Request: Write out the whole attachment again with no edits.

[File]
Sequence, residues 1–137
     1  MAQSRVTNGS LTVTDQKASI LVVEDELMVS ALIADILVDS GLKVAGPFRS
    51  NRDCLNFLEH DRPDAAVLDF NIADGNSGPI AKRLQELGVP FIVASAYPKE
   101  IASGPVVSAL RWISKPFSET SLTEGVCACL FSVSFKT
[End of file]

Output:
Sequence, residues 1–137
     1  MAQSRVTNGS LTVTDQKASI LVVEDELMVS ALIADILVDS GLKVAGPFRS
    51  NRDCLNFLEH DRPDAAVLDF NIADGNSGPI AKRLQELGVP FIVASAYPKE
   101  IASGPVVSAL RWISKPFSET SLTEGVCACL FSVSFKT